Director: Don Hall Screenwriter: Qui Nguyen Cast: Jake Gyllenhaal, Dennis Quaid, Jaboukie Young-White, Gabrielle Union, Lucy Liu Distributor: Walt Disney Studios Motion Pictures Running Time: 102 min. MPAA: PG

Disney’s Strange World feels like a familiar brew with a modern glaze to its tale of fantasy and adventure. It has the old-fashioned allure of lost worlds and alternative tech inspired by the likes of Jules Verne with modernized depictions of family units and generational connections. While this particular film may not become as notable as Disney’s past CGI films, it’s still a groundbreaking and refreshing film where there’s a more stable family at the helm of this Disney feature.

This isn’t to say that the film doesn’t present a family with problems. It’s just that the heart always feels present. For starters, it’s easy to be warmed by the eccentric charms of the Clades. There’s the vibrant farmer Searcher (Jake Gyllenhaal), his mechanic/pilot wife Meridian (Gabrielle Union), and his teenage son Ethan (Jaboukie Young-White) who is still trying to find himself amid a crush on another boy. Their home life is almost dreamlike in its whimsy, depicting a household where dinner productions come with impromptu dancing.

That being said, Searcher isn’t completely happy. He’s actually quite fearful of what his son might become. The last thing he wants is to follow in the footsteps of his father Jaeger (Dennis Quaid), a famed explorer who abandoned his family to explore the mountains for new signs of civilization. For as loving a parent as Searcher can be, he can see signs of Jaeger in his teenager reaching adulthood. It’s a terrifying thought, almost as bad as the possibility that Searcher may repeat the bad habits of his old man.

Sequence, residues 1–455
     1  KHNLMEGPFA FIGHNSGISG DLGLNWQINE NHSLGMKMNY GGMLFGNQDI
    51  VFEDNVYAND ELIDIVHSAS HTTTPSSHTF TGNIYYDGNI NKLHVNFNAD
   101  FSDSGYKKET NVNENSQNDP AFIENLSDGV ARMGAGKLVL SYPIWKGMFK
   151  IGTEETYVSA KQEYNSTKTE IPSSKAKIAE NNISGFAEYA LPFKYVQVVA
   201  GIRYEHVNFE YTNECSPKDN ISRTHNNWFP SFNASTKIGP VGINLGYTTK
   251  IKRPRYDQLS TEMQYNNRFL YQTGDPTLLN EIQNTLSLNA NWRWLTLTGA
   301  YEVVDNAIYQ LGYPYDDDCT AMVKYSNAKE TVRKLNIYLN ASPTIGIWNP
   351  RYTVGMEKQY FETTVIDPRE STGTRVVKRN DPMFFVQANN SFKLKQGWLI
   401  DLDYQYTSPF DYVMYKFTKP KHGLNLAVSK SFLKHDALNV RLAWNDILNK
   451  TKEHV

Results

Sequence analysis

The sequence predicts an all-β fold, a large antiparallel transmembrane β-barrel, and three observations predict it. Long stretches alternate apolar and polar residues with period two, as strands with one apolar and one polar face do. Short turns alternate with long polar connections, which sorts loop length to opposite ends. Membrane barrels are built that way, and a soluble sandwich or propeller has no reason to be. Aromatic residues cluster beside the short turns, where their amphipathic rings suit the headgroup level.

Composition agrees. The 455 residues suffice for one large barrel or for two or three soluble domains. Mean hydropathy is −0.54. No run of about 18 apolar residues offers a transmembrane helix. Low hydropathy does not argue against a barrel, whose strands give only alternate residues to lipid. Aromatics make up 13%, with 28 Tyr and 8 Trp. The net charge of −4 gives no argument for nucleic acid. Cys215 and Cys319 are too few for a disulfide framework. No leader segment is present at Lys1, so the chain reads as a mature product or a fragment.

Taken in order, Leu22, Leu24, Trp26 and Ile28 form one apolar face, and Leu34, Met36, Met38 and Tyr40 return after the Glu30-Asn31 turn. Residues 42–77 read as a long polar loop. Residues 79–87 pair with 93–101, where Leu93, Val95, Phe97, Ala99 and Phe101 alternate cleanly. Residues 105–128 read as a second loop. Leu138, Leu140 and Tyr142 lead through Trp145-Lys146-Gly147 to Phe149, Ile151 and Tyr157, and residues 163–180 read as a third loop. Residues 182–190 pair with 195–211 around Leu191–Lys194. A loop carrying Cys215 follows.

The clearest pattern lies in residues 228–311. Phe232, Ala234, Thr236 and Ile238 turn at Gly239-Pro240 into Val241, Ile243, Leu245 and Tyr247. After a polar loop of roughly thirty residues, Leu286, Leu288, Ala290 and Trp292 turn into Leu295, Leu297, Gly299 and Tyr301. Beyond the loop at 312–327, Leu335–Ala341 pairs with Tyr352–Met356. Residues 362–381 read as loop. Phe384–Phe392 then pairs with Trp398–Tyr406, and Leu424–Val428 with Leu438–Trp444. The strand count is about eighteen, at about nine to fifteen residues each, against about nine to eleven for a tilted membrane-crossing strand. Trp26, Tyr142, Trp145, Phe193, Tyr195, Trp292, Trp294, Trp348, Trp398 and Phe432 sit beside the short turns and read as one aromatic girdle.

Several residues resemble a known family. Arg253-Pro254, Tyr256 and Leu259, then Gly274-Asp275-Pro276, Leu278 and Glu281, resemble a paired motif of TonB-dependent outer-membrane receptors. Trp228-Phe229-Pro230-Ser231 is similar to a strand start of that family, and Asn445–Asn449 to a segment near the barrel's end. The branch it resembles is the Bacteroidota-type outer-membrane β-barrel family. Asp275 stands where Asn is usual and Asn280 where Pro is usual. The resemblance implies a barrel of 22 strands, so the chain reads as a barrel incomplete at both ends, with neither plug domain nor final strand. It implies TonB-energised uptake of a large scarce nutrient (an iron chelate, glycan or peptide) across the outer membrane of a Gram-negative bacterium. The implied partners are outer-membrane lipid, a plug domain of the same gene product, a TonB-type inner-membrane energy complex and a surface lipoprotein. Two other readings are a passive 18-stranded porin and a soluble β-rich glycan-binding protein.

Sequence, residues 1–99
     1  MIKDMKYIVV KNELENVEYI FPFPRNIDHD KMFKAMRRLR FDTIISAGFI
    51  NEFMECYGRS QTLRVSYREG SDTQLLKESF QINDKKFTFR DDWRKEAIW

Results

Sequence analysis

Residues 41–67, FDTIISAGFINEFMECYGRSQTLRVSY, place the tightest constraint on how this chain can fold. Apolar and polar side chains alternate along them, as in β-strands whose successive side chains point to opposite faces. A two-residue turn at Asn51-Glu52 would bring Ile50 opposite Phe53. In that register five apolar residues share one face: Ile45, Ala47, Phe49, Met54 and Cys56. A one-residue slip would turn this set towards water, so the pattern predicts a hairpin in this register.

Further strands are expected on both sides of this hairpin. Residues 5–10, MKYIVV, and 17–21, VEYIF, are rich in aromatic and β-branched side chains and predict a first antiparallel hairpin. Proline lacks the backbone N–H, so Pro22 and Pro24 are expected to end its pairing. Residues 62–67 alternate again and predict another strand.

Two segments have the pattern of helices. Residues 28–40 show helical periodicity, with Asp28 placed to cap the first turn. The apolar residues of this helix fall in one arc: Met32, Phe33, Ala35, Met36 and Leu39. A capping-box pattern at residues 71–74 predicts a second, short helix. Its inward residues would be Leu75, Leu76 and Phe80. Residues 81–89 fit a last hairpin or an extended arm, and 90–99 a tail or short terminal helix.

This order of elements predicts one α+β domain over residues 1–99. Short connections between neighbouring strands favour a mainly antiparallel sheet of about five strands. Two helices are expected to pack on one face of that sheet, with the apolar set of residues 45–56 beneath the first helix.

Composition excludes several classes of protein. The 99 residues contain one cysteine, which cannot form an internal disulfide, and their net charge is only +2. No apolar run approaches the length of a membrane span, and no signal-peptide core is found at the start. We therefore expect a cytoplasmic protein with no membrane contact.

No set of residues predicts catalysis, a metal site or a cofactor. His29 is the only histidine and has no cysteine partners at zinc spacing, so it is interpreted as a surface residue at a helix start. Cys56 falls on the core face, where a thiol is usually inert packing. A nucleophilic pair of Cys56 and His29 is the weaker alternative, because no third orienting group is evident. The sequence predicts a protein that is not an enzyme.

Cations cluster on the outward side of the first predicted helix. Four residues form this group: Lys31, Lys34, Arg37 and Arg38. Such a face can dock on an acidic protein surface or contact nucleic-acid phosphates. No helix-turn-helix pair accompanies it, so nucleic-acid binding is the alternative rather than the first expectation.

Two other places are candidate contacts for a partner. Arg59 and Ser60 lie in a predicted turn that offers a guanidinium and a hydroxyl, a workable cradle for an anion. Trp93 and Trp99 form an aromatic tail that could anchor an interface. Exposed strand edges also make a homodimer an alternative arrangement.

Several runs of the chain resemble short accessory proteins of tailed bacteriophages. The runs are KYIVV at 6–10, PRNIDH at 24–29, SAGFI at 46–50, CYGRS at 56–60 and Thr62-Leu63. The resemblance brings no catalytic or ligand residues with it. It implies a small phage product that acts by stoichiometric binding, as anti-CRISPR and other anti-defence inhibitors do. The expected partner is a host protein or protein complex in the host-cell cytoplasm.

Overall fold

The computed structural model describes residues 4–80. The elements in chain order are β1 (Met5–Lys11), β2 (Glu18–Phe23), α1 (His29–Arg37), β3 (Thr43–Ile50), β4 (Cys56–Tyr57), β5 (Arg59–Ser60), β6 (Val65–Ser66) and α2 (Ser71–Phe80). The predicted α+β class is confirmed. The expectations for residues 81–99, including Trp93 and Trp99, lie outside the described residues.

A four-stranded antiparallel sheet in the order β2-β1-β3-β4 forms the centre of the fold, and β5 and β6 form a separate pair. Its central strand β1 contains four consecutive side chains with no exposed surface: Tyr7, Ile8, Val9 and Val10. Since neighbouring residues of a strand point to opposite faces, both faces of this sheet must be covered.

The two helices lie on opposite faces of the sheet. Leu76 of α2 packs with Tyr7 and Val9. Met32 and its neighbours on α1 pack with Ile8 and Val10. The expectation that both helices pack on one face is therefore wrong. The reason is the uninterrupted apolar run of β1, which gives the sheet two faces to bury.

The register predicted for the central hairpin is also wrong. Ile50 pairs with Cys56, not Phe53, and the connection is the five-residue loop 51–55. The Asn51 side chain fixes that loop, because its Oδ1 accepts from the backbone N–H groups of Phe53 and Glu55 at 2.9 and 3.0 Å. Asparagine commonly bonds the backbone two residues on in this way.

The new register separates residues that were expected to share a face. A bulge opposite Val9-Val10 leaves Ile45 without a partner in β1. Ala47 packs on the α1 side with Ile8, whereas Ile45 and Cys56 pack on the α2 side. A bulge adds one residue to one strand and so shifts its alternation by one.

This family drama is explored while the Clades venture downward to find the source of their resource problem. What they find deep below the surface is a lost world of dazzling sights. All sorts of weird creatures soar, march, and roll across a vast landscape of colorful wonder. Sure, it’s dangerous, but also quite amazing and rather revealing about what problems below plague the world above. Also, since it’s Disney, there will be one adorable mascot among the blobby inhabitants. His name is Splat and he thankfully doesn’t speak or have many annoying noises. He’ll probably make for the stickiest of toys.

This is a film that is more adorable than it is absurdly iconic in the same range as Moana or Frozen (time will tell). There are so many moments of charm that rarely elevate over into brilliant comic timing or heartwarming sincerity. All that being said, the film is more admirable for what’s present that has felt missing from previous Disney animated films.

This goes beyond just having a teenager with a same-sex crush, although it was cute to see this unfold in a scene where Jaeger gives Ethan some pointers on winning hearts. Having a stable family unit where the ultimate prize is coming together without the onus being on the youngest generation to mend the bond made for a rather sweet finale.

There’s no tragic pathos to sweep parents under the rug nor a dark secret that leads to kids being untrustworthy of their overbearing parents. There’s not even the convenience factor of Jaeger having lost everything with his family. The bond is so strong that having the three generations connect over a board game makes this feel even more like Disney’s most appropriate film for this season they’ve capitalized on.

Even though the family drama is the real meat of this meal, Strange World does boast some enticing animated action sequences. Having Lucy Liu in the role of the town president and courageous leader of the expedition is quite fitting. There are daring flights, intense mid-air chases, and some chaotic dashes around these weird locations. I must admit that part of my heart warmed for the big twist which feels like a fusion of a Discworld novel and a medical drama. Without giving too much away, this is the most exciting Disney heart surgery you’ll ever see.

Strange World may not be as wild with its wonder but it does have enough loving family drama to make it worth the trip. For a film that taps into the veracity of Vernes with the innovative nature of modern family togetherness, it gets the job done decently enough of being a film that’ll amaze the young ones while charming the older folks. Despite the animation looking almost cliche for the studio with the bulbous noses and exaggerated slapstick, I can’t be bitter about a film where fathers and sons bicker and bond over a tabletop game.

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